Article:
DP World: Carbon emissions from UAE operations down by 50%

Dubai-based port operator DP World has managed to cut carbon emissions from its UAE operations by nearly 50% this year by accessing renewably produced power from the Dubai Electricity and Water Authority (DEWA).

DP World

DEWA has issued more than 200,000 International Renewable Energy Certificates (I-RECs) to DP World so far this year. They guarantee that the electricity consumed is generated from renewable sources, with each equivalent to 1 megawatt-hour of electricity.

I-RECs from DEWA are generated by the Mohammed bin Rashid Al Maktoum Solar Park. These power DP World’s UAE operations which include Jebel Ali Port, Jebel Ali Free Zone (JAFZA) and Drydocks World. Today, all of them are 100% powered by renewables.

The switch this year puts DP World well ahead of the UAE’s country-wide target to reduce carbon emissions by 42% by 2030.

“We are committed to supporting and progressing the global climate change agenda, by investing in zero carbon technology, implementing responsible business practices, and working with the right partners to achieve this,” Maha AlQattan, DP World’s Group Sustainability Officer, commented.

“We regularly take stock of our impact and aim to reduce our carbon footprint and improve the sustainability of our operations. Renewable energy supply is part of our wider strategy to decarbonise our operations, and I am proud that over 60% of electricity consumed by DP World globally comes from renewable sources. We remain steadfast upon our decarbonisation strategy and look forward to sharing more milestones in the years to come.”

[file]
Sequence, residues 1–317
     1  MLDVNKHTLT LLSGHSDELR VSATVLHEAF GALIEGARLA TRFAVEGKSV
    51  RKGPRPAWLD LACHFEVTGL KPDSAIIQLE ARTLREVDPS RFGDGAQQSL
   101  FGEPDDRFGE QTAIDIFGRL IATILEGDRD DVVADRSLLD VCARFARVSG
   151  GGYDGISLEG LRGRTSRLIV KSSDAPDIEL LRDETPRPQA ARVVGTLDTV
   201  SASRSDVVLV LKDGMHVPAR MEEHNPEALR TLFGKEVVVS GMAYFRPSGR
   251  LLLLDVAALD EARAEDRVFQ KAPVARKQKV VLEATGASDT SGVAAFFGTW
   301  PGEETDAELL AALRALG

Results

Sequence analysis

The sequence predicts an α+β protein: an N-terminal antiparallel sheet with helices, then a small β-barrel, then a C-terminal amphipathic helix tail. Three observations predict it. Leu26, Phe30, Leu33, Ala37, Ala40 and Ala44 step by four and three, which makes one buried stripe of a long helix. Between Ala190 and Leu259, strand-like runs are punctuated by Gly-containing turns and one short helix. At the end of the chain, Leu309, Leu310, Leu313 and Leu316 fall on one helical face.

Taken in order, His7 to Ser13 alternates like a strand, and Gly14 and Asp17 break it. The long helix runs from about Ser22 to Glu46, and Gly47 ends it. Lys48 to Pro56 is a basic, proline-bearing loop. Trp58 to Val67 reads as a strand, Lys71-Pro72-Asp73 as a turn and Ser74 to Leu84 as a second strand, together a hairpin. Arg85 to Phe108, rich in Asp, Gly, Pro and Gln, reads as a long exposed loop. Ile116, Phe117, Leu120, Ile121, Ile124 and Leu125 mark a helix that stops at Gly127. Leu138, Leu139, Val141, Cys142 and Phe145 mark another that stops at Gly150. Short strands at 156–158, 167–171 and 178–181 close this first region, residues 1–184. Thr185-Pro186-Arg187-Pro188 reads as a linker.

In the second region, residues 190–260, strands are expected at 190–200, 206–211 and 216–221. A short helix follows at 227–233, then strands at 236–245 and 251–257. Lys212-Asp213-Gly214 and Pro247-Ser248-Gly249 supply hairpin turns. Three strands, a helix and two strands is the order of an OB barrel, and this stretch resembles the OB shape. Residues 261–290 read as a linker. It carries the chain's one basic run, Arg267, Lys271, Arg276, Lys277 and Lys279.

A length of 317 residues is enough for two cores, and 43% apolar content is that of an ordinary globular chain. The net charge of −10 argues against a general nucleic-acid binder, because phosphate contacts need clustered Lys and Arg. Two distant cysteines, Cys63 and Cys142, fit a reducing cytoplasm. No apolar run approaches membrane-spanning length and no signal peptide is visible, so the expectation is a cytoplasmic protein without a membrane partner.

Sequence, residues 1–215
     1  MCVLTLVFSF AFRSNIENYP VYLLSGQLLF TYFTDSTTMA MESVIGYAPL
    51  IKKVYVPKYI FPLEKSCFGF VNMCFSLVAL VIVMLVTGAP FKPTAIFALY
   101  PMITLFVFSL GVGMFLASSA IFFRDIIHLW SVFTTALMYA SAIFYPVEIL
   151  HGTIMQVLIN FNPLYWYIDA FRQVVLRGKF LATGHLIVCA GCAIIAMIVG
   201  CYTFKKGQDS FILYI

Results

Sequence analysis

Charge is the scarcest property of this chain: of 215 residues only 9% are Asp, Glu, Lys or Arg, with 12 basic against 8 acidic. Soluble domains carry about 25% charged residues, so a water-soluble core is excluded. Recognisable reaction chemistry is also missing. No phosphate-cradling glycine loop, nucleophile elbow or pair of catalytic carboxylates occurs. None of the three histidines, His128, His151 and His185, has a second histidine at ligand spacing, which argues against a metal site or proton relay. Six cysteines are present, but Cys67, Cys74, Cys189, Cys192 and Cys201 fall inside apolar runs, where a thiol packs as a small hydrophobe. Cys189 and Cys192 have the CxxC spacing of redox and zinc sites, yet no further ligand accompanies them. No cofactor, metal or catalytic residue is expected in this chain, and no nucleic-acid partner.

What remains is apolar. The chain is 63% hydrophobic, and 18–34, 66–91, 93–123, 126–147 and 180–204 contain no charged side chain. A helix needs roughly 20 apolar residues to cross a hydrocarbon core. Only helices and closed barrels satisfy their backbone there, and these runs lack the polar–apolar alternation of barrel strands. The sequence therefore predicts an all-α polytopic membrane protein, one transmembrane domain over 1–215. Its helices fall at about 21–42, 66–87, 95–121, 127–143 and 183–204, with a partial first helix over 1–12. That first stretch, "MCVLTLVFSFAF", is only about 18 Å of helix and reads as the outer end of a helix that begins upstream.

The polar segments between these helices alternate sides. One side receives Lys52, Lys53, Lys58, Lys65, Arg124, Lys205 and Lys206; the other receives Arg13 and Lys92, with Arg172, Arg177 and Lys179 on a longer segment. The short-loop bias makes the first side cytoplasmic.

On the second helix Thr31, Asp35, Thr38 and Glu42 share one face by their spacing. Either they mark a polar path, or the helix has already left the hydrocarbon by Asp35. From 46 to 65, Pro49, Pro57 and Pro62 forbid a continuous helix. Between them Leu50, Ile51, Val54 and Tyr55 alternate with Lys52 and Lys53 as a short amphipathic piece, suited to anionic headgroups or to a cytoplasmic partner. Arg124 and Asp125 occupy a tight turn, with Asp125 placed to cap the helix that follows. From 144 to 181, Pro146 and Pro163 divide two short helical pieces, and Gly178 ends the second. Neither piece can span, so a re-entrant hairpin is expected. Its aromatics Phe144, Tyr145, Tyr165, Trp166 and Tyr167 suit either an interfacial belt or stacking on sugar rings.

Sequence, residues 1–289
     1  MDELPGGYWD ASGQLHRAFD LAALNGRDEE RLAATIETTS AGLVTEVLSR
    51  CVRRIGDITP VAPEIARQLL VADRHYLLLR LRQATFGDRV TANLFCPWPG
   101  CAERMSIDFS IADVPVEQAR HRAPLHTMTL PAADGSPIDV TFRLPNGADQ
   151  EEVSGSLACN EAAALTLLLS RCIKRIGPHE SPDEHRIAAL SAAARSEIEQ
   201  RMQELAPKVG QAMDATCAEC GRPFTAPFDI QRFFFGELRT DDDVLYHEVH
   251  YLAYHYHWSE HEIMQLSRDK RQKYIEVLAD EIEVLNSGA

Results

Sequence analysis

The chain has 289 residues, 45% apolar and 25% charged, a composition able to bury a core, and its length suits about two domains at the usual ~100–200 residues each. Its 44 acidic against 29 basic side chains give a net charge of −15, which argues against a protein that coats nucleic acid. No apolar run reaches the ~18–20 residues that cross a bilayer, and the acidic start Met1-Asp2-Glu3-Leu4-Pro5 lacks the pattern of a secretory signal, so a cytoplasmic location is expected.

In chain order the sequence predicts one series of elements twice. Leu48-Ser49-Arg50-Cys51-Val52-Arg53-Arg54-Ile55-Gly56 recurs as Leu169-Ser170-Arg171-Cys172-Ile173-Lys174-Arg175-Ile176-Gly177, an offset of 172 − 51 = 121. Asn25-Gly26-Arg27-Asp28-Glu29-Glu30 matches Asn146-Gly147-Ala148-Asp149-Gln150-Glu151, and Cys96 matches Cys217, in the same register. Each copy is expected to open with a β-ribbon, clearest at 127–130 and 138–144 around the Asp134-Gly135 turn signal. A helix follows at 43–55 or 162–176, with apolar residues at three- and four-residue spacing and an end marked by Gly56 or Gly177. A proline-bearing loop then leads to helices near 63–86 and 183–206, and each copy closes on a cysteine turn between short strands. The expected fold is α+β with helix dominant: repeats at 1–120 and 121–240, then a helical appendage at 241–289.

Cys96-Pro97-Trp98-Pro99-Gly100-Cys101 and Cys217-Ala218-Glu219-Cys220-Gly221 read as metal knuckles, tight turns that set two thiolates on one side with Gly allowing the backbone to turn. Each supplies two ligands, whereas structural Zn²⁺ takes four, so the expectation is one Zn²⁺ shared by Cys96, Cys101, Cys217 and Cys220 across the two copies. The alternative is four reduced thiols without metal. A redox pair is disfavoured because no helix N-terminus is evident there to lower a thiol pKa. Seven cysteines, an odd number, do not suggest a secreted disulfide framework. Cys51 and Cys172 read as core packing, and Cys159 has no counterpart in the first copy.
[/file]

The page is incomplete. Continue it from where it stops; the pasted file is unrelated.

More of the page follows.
Decarbonization has been identified as a core focus for DP World, a provider of global end-to-end supply chain solutions. The business has already committed to becoming carbon neutral by 2040 and net zero by 2050, in line with the UAE’s 2050 net zero initiative.

Among its global initiatives, DP World has reduced its carbon emissions by electrifying its terminals in Rotterdam and Jebel Ali, alongside pioneering the use of biodiesel in its Southampton port in the UK, which recently recorded its greenest-ever year on record.

Recently, the company announced that it cut global carbon emissions by 5 percent in 2022, with a 4 percent reduction in energy consumption.

At COP 27 last year, DP World announced that it had joined the Green Shipping Challenge and committed to investing up to $500 million to cut CO2 emissions by nearly 700,000 tonnes over the next five years.

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In 2022, the business also entered into a strategic partnership with the Maersk McKinney Moller Center for Zero Carbon Shipping and joined the UN Global Compact’s Think Lab on Just Transition.

What is more, the port operator said last month that it raised $1.5 billion through a Green Sukuk to support its decarbonization efforts. The Sukuk was oversubscribed 2.3x due to strong demand from local, regional, and international investors, and is listed on both Nasdaq Dubai and the London Stock Exchange.

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